Bierhorst next compiled eighteen Inuit stories for The Dancing Fox and twenty-two tales for The Deetkatoo: Native American Stories about Little People. The latter volume features tales about the kindly magical beings of American Native folklore.

Bierhorst extends his study of Native traditions with Latin American Folktales: Stories from Hispanic and Indian Traditions, a collection of more than 100 stories from Mexico, Central America, South America, and the American Southwest that reflect the influence of Spanish colonialism. The first part of the book consists of Inca and Aztec legends, while the second part features stories in a variety of genres, including moral, heroic, anecdotal, religious, and comic. While some of the short tales are silly, others are scary and disturbing. Riddles are also included. Kliatt's Patricia Moore noted that these twentieth-century tales are "set out in the format of a velorio, or wake, nine nights of stories told to keep those mourning the dead awake throughout the night."

Sheila Shoup noted in School Library Journal that most of the stories in this volume are translated into English here for the first time, "making it worthy of any collection." They are listed in the accompanying guide titled "Register of Tale Types and Selected Motifs." Shoup wrote that "casual readers will gain maximum enjoyment by picking out whatever strikes their fancy."

Biographical and Critical Sources

BOOKS

Major Authors and Illustrators for Children and Young Adults, Gale (Detroit, MI), 2002.

PERIODICALS

Horn Book, May-June, 1997, Barbara Bader, "'They Shall Not Wither': John Bierhorst's Quiet Crusade for Native American Literature," pp. 268-281.

Kliatt, January, 2004, Patricia Moore, review of Latin American Folktales: Stories from Hispanic and Indian Traditions, p. 27.

Los Angeles Times Book Review, March 11, 1984, Jonathan Kirsch, review of The Sacred Path: Spells, Prayers, and Power Songs of the American Indian, p. 8.

Melus, summer, 1995, Annette van Dyke, review of The Red Swan: Myths and Tales of the American Indians, p. 161.

New York Times Book Review, January 31, 1982, Michele Slung, review of The Glass Slipper: Charles Perrault's Tales of Times Past, p. 27; September 1, 1985, Ursula K. Le Guin, review of The Mythology of North America, p. 7; October 19, 1986, review of The Monkey's Haircut and Other Stories Told by the Maya, p. 44; November 22, 1987, Blake Smith, review of Dr. Coyote: A Native American Aesop's Fables, p. 44; October 2, 1988, Carol F. Drisko, review of The Mythology of South America, p. 35; January 6, 1991, review of The Mythology of Mexico and Central America, p. 28; November 16, 1997, Natalie Kusz, review of the Dancing Fox, Arctic Folk Tales, p. 30.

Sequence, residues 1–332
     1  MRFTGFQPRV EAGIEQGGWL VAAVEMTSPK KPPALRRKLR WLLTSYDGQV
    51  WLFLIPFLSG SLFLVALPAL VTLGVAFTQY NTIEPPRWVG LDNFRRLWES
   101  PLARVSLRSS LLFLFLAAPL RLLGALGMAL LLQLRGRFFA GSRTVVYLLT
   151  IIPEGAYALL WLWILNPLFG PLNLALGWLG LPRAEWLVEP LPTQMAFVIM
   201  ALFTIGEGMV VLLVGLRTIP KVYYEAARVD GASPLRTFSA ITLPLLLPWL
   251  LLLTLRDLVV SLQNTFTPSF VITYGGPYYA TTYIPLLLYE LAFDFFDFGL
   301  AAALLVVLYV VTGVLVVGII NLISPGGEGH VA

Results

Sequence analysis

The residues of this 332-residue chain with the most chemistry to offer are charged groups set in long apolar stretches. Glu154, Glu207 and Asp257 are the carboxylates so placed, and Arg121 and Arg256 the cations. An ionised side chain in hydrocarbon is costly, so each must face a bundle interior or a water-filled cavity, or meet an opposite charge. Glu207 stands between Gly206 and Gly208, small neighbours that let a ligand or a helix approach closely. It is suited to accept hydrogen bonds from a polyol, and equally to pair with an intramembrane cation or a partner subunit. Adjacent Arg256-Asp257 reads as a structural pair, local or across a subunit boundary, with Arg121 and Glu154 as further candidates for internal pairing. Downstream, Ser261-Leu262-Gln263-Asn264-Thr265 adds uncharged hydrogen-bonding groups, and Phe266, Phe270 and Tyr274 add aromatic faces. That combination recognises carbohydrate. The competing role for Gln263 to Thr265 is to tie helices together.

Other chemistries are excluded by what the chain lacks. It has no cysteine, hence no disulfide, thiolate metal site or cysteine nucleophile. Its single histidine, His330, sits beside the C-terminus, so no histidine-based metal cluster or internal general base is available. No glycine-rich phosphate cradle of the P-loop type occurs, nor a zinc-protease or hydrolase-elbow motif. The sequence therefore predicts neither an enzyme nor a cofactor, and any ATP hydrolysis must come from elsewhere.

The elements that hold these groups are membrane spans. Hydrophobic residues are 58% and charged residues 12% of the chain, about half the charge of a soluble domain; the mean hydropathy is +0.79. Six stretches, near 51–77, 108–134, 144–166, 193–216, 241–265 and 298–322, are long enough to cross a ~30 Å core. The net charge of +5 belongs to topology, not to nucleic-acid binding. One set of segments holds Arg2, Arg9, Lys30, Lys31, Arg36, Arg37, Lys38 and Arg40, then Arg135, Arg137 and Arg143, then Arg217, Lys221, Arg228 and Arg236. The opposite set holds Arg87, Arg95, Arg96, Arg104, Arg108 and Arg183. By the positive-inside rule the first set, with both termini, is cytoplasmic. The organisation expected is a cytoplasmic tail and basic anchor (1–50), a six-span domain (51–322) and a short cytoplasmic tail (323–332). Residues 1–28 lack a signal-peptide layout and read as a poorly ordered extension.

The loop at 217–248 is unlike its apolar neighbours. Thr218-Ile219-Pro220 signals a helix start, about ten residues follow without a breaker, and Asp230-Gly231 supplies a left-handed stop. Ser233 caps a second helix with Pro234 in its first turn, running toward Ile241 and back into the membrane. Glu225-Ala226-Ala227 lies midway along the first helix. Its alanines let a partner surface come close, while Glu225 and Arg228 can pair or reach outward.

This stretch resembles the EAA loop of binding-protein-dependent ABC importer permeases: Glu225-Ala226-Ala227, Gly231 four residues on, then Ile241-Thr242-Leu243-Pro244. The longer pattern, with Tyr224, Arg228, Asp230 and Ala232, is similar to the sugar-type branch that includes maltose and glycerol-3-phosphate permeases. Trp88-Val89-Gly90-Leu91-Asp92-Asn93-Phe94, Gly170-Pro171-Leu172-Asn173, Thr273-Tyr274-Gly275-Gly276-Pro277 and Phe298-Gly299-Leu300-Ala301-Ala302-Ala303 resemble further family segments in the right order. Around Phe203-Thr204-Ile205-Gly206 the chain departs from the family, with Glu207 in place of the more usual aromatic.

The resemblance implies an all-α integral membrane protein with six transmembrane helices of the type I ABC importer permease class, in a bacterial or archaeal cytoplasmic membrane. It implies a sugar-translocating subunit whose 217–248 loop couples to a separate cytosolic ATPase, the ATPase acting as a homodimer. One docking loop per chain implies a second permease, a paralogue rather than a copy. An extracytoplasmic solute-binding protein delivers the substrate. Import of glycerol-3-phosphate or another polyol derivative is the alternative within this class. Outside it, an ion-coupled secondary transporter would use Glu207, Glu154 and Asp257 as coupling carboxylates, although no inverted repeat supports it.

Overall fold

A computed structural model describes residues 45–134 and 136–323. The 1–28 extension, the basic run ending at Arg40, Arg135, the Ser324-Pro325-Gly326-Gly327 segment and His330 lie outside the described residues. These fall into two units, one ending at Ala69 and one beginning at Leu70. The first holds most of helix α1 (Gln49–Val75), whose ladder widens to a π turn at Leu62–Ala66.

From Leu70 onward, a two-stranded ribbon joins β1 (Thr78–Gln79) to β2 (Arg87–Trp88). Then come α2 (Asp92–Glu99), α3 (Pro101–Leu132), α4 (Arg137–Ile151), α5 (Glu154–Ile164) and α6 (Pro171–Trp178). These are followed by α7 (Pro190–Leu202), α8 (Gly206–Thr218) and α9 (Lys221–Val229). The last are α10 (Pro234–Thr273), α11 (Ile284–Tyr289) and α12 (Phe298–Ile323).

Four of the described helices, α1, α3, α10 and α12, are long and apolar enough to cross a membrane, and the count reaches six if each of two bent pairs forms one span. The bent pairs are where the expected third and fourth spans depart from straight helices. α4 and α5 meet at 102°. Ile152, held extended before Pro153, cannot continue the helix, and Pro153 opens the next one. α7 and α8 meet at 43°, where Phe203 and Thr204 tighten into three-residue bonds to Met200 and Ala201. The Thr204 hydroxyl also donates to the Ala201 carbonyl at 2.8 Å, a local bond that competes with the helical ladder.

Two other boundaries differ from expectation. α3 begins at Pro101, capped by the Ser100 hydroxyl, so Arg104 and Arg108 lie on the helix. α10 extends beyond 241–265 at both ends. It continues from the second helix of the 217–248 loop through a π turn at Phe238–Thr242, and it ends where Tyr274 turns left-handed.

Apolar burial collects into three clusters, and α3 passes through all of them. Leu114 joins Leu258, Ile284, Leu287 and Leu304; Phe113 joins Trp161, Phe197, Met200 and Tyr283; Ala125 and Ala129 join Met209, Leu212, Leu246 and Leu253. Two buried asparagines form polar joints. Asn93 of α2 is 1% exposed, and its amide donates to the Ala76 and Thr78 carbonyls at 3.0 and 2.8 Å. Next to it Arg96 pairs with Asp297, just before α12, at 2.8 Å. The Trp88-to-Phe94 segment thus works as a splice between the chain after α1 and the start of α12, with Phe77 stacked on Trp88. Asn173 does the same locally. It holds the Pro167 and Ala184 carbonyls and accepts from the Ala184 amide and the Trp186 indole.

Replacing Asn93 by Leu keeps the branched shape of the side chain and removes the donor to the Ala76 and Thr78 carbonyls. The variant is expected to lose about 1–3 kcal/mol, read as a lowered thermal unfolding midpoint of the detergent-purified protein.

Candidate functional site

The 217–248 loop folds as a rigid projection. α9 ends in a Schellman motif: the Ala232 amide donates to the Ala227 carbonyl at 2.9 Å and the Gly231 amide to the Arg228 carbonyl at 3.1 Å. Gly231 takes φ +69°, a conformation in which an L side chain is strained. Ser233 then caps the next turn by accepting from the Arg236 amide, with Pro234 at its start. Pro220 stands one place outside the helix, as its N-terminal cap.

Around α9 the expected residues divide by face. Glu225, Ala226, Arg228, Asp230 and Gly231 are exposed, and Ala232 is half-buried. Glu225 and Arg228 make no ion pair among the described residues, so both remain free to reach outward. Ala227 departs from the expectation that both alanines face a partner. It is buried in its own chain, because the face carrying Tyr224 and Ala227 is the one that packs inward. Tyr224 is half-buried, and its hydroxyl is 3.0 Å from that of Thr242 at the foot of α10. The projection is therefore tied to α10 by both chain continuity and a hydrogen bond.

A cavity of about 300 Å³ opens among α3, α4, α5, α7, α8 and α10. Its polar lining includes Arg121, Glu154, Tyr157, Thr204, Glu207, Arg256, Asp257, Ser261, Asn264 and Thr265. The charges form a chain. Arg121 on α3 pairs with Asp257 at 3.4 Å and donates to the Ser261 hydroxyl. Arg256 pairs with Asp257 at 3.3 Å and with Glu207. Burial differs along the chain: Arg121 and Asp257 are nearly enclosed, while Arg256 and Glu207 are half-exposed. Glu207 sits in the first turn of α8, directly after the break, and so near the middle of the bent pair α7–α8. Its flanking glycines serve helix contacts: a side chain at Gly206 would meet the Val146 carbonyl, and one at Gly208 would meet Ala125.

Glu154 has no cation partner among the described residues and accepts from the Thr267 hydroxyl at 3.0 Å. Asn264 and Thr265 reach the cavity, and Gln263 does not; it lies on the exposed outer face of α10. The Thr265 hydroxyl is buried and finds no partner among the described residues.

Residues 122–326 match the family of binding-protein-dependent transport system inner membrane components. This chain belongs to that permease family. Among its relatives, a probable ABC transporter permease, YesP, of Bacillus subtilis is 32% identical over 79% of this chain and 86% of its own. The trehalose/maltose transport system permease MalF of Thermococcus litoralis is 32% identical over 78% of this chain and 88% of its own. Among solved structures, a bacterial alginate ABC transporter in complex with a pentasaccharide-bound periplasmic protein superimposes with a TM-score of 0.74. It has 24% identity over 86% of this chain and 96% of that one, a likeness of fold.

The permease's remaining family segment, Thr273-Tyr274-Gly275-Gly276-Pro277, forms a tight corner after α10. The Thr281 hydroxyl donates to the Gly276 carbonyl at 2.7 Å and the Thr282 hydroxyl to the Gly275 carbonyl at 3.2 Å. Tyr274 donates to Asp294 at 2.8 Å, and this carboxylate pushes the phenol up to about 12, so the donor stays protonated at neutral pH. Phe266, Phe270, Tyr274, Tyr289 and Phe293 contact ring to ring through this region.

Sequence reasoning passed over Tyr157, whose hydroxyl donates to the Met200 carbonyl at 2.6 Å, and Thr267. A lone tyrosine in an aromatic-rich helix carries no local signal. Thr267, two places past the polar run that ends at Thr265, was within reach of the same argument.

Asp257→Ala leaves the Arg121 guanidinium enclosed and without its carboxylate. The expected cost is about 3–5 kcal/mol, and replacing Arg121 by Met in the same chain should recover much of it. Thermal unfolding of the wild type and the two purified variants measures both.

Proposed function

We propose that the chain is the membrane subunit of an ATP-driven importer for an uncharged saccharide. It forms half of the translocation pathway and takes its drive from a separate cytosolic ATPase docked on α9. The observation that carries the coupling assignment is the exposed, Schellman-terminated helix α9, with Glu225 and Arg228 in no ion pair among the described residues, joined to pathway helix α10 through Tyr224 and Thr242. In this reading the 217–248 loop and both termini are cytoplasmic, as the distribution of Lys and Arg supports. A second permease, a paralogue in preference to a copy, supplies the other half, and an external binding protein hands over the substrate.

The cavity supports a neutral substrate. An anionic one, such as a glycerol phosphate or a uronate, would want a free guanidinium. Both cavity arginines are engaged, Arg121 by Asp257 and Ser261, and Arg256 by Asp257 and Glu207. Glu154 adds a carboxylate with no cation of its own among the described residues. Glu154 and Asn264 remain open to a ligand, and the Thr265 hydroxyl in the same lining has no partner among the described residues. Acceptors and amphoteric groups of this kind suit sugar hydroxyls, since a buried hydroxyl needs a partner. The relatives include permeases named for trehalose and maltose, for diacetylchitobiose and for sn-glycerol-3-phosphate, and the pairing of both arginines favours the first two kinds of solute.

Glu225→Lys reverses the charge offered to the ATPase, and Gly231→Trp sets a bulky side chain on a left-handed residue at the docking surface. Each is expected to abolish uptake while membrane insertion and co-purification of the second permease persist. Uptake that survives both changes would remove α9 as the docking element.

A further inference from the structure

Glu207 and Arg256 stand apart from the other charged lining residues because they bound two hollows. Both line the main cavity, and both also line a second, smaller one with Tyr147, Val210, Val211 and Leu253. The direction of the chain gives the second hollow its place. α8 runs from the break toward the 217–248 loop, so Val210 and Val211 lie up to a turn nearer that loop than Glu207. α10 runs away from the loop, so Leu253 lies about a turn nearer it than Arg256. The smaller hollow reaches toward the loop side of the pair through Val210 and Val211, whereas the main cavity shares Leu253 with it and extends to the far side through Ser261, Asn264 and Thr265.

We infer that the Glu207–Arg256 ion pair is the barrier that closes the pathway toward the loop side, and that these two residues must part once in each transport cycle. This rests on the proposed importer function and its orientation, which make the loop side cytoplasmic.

School Library Journal, May, 2002, Sheila Shoup, review of Latin American Folktales, p. 180.

[back] John (William) Bierhorst (1936-) - Writings

User Comments

Your email address will be altered so spam harvesting bots can't read it easily.
Hide my email completely instead?

Cancel or

Vote down Vote up

8 months ago

Dear Mr. Bierhorst
I have been a resident of a place in New Jersey called Brownsmills. Your book "The White Deer" held special meaning for me as I have seen the white deer for many years in the woods behind my house. They are pure white and beautiful. Being a descendent of Native American grandparents, nature has always been a passion. I'm writing you today to ask permission to use your name and the title of your book in a children's book as a reference and hopefully to bring others to purchase your wonderful book. My book is called "The Secret of Mirror Lake". It is about protecting the white deer. Thank you for your book, I was so excited to find something about white deer. I had never heard the stories before. God has given you a powerful and wonderful gift. Blessings, Sheila Haller

Vote down Vote up

almost 3 years ago

Thank you for this information; I've used it in a review of "Black Rainbow" at priscillaking.blogspot.com.